The Economics of Happiness

Whenever I tell people that I’m an economics minor, I tend to get the same reaction: ew, why?  There are a lot of misconceptions about economics out there; I’ve been told by various people that the subject is boring, that it’s too hard, that there’s too much math involved, that the professors are too dry, et cetera.  So for all of you out there who might be wary of the subject, it seems that there is a new school of economics that is rapidly growing in popularity: the happiness movement.  Quite a change for the “dismal science!”

I’ve written a little bit about this happiness movement in the past, particularly how the small Buddhist kingdom of Bhutan initiated the focus on happiness and whether or not the government has been able to live up to its promises, but today I would like to focus more on what this movement is and how it affects policy decisions.  I find this topic particularly interesting because it’s gaining momentum now, in a recession, which is certainly not the happiest of times, and also because, as a more classical economist, I still can’t quite decide if I support this new trend.

The main goal of this field of economics is to study what constitutes happiness and make recommendations to governments about how best to increase it.  Economists are busy creating dozens of indicators to assess happiness, from “affective happiness” to “evaluative happiness,” which mean everyday ups and downs and an overall assessment of one’s life, respectively.  Various surveys developed by different groups, including the European Social Survey and the World Values Survey, ask questions about happiness from different vantage points using a variety of measures.

President Obama has even put his support behind these happiness studies, and one of his chief economic advisors is a top researcher in this field.  Several studies are underway in the US to quantify happiness, which proponents believe could have enormous benefits for the nation.  A measure of happiness could help determine the success or failure of a government policy, like a health benefit or education policy.  And of course, the phrase “pursuit of happiness” is right there in the Declaration of Independence, leading some to suggest that it is only natural to want to quantify happiness.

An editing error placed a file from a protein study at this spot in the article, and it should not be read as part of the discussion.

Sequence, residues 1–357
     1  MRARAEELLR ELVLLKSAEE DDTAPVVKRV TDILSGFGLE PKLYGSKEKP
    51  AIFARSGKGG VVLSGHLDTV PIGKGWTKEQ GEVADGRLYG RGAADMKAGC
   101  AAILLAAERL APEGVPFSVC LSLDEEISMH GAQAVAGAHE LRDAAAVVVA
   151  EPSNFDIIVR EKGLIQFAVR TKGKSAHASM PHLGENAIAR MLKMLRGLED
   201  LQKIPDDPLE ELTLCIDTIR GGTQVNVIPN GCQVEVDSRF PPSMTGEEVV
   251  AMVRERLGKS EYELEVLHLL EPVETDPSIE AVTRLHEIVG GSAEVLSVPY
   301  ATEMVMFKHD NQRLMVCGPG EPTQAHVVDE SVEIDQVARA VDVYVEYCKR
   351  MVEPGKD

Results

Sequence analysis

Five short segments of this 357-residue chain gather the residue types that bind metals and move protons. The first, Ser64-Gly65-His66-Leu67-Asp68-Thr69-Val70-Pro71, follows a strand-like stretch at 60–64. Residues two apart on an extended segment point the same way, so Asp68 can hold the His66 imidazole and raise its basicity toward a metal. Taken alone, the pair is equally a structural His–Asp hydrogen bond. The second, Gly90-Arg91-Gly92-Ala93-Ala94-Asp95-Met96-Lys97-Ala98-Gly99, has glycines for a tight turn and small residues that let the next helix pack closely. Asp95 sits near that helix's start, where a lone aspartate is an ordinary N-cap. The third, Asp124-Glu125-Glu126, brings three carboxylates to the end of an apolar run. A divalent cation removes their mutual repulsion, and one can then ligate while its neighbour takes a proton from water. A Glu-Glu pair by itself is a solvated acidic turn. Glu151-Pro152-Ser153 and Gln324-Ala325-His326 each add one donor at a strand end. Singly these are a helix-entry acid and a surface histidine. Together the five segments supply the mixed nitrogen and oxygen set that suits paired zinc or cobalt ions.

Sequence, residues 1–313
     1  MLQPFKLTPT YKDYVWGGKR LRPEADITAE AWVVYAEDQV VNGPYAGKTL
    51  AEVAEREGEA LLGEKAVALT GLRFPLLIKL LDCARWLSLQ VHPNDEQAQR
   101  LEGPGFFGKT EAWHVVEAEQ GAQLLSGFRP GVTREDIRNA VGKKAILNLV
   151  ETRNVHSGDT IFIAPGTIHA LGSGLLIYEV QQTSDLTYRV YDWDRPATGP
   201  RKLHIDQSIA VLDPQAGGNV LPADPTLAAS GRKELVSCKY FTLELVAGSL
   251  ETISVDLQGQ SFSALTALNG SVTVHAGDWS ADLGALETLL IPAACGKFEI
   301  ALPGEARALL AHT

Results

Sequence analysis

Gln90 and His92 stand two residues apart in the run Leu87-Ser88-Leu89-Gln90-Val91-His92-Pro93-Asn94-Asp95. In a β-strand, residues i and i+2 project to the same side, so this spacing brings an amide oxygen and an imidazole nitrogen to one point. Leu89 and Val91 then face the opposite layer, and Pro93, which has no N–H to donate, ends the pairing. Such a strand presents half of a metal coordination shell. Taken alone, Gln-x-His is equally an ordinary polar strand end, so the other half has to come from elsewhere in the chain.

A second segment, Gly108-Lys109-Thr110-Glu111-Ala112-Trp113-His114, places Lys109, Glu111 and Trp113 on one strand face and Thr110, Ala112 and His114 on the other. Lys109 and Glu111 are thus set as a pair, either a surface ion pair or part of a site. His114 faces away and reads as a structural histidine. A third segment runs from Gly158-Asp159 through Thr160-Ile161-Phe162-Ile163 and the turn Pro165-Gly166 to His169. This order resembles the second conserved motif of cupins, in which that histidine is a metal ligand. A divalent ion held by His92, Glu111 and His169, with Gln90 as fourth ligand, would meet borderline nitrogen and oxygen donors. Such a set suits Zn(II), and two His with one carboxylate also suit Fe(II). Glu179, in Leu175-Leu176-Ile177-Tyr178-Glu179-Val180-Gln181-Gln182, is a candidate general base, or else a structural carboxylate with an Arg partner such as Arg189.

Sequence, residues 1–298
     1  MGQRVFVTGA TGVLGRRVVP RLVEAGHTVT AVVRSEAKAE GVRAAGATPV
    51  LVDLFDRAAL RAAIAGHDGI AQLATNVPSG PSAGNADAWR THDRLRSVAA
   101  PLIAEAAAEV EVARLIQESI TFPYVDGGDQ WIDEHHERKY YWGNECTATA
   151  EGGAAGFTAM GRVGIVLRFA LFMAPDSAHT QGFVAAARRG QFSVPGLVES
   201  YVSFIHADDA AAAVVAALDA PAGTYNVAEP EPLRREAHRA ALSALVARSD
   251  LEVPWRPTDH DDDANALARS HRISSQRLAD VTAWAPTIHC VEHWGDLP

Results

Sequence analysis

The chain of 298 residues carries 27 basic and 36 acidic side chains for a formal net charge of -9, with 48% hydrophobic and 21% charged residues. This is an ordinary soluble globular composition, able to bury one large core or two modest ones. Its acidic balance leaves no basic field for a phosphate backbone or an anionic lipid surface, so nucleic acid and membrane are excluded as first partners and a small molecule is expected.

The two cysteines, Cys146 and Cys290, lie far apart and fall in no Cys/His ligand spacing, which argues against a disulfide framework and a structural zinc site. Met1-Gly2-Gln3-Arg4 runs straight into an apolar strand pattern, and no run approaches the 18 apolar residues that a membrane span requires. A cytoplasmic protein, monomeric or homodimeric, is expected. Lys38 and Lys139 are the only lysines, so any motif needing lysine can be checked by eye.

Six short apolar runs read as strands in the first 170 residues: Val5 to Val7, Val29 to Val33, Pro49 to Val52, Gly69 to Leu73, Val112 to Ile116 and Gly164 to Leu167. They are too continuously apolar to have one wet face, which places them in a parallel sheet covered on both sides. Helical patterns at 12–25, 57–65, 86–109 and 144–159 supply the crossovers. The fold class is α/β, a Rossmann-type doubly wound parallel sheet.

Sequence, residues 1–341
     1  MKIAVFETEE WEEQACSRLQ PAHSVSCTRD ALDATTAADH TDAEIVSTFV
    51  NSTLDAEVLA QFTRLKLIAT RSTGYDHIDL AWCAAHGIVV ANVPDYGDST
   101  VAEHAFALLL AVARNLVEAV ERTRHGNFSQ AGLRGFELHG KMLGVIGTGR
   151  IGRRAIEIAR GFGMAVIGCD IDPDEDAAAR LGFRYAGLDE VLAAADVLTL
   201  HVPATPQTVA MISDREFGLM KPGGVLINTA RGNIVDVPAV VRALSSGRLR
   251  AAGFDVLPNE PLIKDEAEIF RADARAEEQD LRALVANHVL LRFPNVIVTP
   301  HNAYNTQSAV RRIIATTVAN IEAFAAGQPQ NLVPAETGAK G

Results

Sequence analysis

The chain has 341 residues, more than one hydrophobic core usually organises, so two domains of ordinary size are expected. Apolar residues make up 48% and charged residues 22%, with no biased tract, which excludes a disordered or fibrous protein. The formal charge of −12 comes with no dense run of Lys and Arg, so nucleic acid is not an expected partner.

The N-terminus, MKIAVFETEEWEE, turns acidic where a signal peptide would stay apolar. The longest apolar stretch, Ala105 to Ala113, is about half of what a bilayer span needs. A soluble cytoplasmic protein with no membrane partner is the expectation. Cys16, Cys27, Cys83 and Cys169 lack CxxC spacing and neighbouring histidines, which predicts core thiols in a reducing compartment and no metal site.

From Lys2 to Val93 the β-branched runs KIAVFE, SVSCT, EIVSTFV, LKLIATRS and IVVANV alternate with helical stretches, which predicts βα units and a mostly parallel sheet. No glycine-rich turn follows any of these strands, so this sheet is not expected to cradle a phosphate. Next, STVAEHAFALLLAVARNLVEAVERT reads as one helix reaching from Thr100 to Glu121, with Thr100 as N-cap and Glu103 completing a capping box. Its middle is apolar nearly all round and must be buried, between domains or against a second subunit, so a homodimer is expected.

Finding a true measure of happiness is proving to be difficult, however, particularly “experiential well-being,” or .  How can you measure someone’s feelings throughout the day?  Some researchers have tried asking people to record their feelings in diaries, while others have given subjects electronic devices that signal them to report their activities and feelings.  And the measures that have been developed have drawn a lot of criticism from other researchers.  It’s a tricky topic, after all.  For example, it has been shown in the past that richer individuals tend to be happier than poorer ones, but it’s been demonstrated that the US is behind Panama in happiness even though it has a GDP roughly 6 times the size of Panama’s. Others have expressed concern because of the subjective nature of happiness and because of the difficulty of tracing how happiness changes as a result of a government policy.

It doesn’t seem like happiness is going to replace GDP or GNP as a measure of development any time soon.  It’s difficult to measure and highly subjective, and tracking changes as a result of a particular policy is almost impossible at this point.  But what do you think of the idea?  Do you think it’s important to include happiness as a measure of development, or would you prefer to stick with hard data?  Are you less afraid of economics now that you know about this new trend? And finally, if you do support these happiness studies, can you think of a more accurate and reliable measurement?


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  1. […] that people do not get happier as they get richer.   Now, I’ve written a bit about the topic of happiness economics in the past, particularly the role that the small kingdom of Bhutan played in popularizing the […]

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